i can get iptables to whitelist / blacklist using ipset members, but after a reboot, the iptables are emptied out because the kernel module is not loaded. Have limped along in the past by customizing the iptables init script, but there has to be an out-of-the-box method.

On CentOS/RHEL 6.5, you can install ipset from the base repository. The first line from

yum info

IP sets are a framework inside the Linux 2.4.x and 2.6.x kernel, which can be : administered by the ipset utility.

so i was surprised there is a problem with a kernel module:

ip6tables: Loading additional modules: nf_conntrack_netbios_ns ... OK
iptables: Applying firewall rules: iptables-restore v1.4.7: Kernel module ip_set 
is not loaded in.

i have tried both ip-set and ip_set for this module name with no luck:

   IPTABLES_MODULES="nf_conntrack_netbios_ns ip_set"

There may also be separate modules for each ipset data structure. In other words, a module just for ipset hash versus ipset bitmap versus ipset list.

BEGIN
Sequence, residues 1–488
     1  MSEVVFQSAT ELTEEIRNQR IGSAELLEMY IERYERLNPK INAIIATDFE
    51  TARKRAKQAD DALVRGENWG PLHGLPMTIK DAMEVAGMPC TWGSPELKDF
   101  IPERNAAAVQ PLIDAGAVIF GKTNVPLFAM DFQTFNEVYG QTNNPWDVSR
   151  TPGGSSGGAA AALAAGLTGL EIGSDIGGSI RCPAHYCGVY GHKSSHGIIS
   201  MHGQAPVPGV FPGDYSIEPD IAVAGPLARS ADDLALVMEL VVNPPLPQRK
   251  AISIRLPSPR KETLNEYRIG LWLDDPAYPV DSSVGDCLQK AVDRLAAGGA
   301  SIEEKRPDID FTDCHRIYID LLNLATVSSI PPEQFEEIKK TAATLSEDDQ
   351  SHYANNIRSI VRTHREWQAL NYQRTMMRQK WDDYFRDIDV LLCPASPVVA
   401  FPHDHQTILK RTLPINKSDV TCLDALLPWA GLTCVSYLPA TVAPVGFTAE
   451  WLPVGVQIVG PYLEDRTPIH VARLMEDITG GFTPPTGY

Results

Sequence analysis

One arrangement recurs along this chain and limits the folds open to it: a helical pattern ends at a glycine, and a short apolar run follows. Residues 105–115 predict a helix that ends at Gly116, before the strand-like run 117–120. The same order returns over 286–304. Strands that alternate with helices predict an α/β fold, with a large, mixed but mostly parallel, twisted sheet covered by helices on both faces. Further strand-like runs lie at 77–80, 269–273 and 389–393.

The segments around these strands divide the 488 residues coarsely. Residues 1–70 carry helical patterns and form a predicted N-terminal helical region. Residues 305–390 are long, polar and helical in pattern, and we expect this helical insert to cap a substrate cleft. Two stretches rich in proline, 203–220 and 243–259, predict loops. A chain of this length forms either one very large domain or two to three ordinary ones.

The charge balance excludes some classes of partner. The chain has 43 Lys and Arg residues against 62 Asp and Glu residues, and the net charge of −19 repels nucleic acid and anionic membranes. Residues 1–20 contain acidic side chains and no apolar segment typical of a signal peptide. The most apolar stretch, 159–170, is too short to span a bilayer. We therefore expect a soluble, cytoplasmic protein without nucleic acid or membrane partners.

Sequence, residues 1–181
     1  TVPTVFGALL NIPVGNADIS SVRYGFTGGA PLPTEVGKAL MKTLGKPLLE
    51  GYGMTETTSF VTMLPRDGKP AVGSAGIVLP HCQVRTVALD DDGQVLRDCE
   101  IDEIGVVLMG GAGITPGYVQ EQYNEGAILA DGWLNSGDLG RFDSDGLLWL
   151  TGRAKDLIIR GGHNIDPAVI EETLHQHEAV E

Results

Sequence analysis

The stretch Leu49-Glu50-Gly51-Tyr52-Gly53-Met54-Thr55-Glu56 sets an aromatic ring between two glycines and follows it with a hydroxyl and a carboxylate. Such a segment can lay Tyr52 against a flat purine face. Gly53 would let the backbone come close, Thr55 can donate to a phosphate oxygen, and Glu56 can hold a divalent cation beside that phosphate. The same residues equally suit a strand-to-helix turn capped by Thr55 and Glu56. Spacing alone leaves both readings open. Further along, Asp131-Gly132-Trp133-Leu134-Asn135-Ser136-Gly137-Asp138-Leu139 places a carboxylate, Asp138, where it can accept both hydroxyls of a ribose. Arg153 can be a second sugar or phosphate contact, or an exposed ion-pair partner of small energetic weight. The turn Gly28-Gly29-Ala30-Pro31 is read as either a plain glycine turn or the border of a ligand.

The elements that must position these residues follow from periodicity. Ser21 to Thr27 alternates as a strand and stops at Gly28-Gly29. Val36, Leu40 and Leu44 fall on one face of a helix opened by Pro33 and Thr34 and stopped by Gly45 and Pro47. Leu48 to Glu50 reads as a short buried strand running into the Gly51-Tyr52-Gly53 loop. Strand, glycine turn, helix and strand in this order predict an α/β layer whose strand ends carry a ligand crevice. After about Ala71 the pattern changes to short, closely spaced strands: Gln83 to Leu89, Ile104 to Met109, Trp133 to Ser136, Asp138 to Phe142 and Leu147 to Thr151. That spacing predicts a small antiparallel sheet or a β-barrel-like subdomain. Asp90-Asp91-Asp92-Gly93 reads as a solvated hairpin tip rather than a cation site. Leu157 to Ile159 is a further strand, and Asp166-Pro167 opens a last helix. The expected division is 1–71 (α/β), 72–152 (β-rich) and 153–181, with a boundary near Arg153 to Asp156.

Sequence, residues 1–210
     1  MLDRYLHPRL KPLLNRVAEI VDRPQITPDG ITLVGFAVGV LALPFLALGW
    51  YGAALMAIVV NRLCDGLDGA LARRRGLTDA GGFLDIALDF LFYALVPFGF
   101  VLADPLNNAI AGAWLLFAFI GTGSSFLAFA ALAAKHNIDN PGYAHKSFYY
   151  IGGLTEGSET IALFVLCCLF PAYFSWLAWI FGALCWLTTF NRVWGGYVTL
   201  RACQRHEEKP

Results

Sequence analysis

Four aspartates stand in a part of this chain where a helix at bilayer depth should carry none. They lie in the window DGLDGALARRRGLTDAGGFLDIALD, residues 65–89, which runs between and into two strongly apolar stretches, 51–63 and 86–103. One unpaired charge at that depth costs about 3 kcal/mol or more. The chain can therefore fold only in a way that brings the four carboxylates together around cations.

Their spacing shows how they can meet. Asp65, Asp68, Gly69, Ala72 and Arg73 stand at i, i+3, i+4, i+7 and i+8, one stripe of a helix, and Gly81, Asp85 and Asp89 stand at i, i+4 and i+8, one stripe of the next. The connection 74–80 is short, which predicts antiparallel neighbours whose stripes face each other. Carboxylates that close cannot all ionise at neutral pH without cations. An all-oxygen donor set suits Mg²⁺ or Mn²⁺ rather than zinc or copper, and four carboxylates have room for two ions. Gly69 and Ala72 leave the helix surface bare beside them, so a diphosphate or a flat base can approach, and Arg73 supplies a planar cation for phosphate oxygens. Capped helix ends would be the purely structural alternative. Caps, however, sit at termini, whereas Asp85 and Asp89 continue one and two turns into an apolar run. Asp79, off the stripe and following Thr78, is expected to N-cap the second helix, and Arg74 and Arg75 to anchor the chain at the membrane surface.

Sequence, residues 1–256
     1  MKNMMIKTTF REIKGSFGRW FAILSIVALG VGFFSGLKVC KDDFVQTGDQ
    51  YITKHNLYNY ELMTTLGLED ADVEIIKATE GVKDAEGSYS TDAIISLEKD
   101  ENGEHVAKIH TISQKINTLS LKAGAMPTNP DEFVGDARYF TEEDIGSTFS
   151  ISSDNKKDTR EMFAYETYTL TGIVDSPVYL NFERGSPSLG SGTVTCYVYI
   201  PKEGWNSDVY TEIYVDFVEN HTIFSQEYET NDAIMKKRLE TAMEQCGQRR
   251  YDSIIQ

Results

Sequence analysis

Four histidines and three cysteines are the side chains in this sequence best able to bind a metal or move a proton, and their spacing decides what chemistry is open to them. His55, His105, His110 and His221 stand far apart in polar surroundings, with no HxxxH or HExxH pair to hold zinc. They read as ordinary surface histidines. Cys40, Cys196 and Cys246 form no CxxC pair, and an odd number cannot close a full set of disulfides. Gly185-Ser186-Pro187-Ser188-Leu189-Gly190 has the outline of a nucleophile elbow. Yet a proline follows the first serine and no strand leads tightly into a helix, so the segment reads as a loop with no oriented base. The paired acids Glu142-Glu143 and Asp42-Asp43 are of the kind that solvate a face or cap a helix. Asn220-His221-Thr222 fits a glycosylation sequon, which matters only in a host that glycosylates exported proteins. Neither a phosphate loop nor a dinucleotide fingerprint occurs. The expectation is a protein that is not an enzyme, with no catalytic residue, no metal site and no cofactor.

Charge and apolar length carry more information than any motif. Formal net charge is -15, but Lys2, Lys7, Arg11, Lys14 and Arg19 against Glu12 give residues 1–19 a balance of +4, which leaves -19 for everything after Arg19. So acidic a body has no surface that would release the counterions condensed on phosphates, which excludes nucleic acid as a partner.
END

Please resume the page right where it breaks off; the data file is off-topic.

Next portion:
modinfo ip_set and other details

  • Did you try modprobe ip_set? – cuonglm Aug 10 '14 at 15:36
  • @Gnouc, yes but where would you put that at startup? i can get iptables to block based on members of an ipset but not after reboot. i am trying to get away from /etc/init.d/rc.local and other hacks. – rjt Aug 10 '14 at 15:48
  • What did you mean other hacks? On Centos/Fedora, you can use /etc/modules-load.d. On Debian/Ubuntu, use /etc/modules. See: wiki.archlinux.org/index.php/kernel_modules#Loading – cuonglm Aug 10 '14 at 15:58
  • There is not a /etc/modules-load.d file or directory on my system. Other hacks such as modifying /etc/init.d/iptables to call a script which sets up ipsets and loads the modules THEN loads iptables. – rjt Aug 10 '14 at 16:09
  • What is your OS? – cuonglm Aug 10 '14 at 16:12

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